= .10 to .21), though reading achievement stayed about the same (d
= -.36 to -.39). The general achievement factor showed near-zero mean differences, but substantially greater male variability (VR = 1.23), consistent with many studies of ability distributions. Brunner et al.
did not report variance information for most of their latent variables, but their Mathematics Achievement factor did show diminished variance effect (VR = 1.19 in manifest and 1.02 in latent models).
Brunner et al.’s PISA achievement results.
Brunner et al.’s PISA achievement results.
| ||d a||VR b|
Steinmayr et al.
] analyzed a relatively small (N = 977) sample of students age 16–18 to compare the impact of model selection on sex differences. The assessment battery was the I-S-T 2000 R, which consists of nine reasoning tasks and a knowledge test. Because of their relatively small and nonrepresentative sample (coming from a university-track school), the exact estimates of differences themselves are not compelling. However, the differences between the manifest and latent estimates are of interest. Specifically, mean differences for the three broad abilities were smaller (reversing sign for verbal) in the latent model compared to the manifest estimates. See Table 4
. The method of estimating the models did not meaningfully affect the VR estimates, which remained considerable (i.e.
, greater than 1.10) for several of the factors.
Compilation of Steinmayr et al.’s findings from I-S-T 2000 R.
Compilation of Steinmayr et al.’s findings from I-S-T 2000 R.
These findings indicate that there is reason to believe that greater male variability can persist in latent models, and is not an artifact of manifest variables. Thus, the latent model evidence does not contradict the variability hypothesis for g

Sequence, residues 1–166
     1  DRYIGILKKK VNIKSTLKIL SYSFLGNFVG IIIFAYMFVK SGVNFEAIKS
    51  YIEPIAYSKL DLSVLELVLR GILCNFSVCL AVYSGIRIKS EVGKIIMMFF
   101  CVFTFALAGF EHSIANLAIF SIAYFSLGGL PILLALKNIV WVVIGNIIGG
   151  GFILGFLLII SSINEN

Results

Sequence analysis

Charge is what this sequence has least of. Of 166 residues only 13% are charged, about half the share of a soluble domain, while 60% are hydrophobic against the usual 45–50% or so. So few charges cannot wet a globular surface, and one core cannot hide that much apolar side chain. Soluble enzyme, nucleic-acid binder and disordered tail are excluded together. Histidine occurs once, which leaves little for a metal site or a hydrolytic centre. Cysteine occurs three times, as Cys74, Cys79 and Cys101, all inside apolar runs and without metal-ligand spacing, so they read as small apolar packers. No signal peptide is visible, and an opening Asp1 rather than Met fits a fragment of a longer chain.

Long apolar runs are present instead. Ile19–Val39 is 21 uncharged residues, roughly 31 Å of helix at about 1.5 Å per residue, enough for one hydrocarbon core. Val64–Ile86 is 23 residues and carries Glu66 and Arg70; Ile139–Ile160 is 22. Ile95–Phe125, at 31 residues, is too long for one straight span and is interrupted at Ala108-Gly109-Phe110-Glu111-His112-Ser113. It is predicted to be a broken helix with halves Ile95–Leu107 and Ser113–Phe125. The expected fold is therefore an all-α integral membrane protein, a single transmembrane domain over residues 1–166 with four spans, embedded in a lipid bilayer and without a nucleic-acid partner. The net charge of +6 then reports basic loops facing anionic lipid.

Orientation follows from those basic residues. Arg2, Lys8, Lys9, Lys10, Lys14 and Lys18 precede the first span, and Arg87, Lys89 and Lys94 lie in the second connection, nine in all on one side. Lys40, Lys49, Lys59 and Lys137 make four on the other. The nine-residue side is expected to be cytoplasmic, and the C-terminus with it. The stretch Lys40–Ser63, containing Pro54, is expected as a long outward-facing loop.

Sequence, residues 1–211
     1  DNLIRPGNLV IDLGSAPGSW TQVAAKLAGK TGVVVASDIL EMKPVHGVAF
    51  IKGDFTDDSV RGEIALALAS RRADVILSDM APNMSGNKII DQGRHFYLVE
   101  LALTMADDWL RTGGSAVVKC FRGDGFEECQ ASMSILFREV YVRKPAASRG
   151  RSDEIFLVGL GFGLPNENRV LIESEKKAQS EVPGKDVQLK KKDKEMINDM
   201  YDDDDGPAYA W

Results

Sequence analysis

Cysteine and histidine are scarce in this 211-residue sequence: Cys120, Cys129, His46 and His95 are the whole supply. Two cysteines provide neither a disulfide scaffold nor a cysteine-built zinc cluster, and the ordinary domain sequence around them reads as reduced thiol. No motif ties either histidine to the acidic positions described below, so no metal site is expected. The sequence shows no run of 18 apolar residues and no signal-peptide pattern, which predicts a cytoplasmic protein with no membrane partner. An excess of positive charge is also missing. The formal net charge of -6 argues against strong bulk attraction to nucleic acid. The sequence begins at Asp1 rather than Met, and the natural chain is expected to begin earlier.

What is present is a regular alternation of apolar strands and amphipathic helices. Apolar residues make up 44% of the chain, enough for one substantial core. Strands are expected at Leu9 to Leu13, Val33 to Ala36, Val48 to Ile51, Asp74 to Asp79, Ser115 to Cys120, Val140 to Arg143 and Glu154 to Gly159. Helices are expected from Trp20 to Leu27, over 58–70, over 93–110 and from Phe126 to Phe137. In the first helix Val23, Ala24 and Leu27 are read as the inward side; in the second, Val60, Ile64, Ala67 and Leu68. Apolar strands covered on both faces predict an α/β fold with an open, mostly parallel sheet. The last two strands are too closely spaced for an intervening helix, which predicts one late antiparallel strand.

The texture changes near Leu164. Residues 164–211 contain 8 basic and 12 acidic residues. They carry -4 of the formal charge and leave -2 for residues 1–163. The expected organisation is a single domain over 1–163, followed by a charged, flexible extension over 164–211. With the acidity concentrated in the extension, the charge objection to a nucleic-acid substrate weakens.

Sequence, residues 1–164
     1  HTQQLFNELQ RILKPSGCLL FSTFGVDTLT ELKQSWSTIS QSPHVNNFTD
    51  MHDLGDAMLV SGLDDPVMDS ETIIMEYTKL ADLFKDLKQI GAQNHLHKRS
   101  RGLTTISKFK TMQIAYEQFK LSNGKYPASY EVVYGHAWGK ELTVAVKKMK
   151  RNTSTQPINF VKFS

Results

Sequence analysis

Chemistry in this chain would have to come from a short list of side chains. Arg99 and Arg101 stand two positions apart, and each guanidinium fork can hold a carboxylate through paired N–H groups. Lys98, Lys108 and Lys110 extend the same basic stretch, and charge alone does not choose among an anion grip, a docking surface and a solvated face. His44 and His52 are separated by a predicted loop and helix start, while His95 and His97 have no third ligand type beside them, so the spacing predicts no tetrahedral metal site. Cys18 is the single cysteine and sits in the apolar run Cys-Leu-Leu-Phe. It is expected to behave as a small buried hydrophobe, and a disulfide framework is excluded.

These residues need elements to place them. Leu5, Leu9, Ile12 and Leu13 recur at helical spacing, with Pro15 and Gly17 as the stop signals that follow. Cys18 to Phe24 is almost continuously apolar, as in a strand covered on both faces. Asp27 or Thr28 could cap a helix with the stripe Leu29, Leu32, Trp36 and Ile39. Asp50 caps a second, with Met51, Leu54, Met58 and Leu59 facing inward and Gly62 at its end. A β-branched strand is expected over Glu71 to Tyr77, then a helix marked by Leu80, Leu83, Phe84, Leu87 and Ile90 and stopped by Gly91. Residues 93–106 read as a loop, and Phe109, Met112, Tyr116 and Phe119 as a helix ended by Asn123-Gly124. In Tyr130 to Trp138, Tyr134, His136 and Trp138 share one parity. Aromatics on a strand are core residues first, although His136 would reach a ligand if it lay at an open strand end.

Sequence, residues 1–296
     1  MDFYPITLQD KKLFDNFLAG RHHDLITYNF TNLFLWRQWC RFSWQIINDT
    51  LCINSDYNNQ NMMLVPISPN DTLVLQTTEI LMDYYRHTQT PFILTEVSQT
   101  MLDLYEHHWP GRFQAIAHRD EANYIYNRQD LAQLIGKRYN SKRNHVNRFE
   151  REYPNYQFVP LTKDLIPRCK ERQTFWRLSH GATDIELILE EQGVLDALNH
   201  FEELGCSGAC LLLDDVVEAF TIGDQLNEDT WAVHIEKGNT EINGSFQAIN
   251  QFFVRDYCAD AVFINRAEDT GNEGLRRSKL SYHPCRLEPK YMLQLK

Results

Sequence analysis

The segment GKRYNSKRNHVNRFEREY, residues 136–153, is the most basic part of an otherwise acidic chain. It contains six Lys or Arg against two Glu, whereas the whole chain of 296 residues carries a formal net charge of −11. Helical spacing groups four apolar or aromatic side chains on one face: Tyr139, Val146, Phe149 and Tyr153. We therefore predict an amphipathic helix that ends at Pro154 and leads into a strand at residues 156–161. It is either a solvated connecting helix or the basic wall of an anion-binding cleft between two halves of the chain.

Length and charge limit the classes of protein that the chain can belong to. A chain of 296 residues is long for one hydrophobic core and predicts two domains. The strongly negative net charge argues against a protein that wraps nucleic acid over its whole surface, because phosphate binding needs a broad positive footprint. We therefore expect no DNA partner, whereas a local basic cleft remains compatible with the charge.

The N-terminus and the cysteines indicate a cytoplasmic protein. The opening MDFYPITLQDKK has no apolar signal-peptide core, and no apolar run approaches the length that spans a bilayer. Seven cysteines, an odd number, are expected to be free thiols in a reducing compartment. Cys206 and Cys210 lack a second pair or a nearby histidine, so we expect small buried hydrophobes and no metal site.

and other broad abilities, despite Irwing’s [19
] contention. Clearly, however, the magnitude of those differences can vary, depending on the sample under study and the construct considered.
1.3. The Current Study
The Cognitive Abilities Test (CogAT) [21
] is a battery of reasoning tasks measuring verbal, quantitative, and figural reasoning abilities for students in grades K-12 in the United States. Previous research on the CogAT [23
] used observed (manifest) scores, which is appropriate when the goal is to inform practical uses of assessment results. In this study, our aim is to extend this analysis using latent models to probe sex differences at the construct level.
In this study, we considered Gf
, three narrow abilities subsumed under Gf
, and residual narrow abilities (with the general factor partialled out of the variance). Analyses were conducted on the norms samples from Form 6 and 7 of the CogAT. Previous work on the CogAT has not explored the general factor from the batteries or latent variables, but has addressed mean and variability differences in manifest variables representing the three reasoning batteries—Verbal, Quantitative, and Nonverbal (figural) Batteries—as measured in four cohorts between 1984 and 2011. Consistent with work on other batteries, the Nonverbal (figural) Battery showed negligible differences across test forms while the Quantitative Battery showed slight male advantages (0.05 to 0.15 across forms) and the Verbal Battery showed slight female advantages (−0.11 to −0.04). Variance ratios showed consistent advantages for males, with quantitative showing the largest differences (VR = 1.21 to 1.53). The greater differences in means and variance for quantitative reasoning is consistent with previous work [17
], but differences for all three batteries were considerable (i.e.
, greater than 1.10).
Data from the CogAT is relevant to this discussion because the test represents a balanced measure of fluid intelligence under Carroll’s definition [25
], which includes inductive, quantitative, and sequential reasoning components. The data is also informative because sampling is intentionally representative of the school-going population in the U.S., with large samples ranging across the 5–18 age group.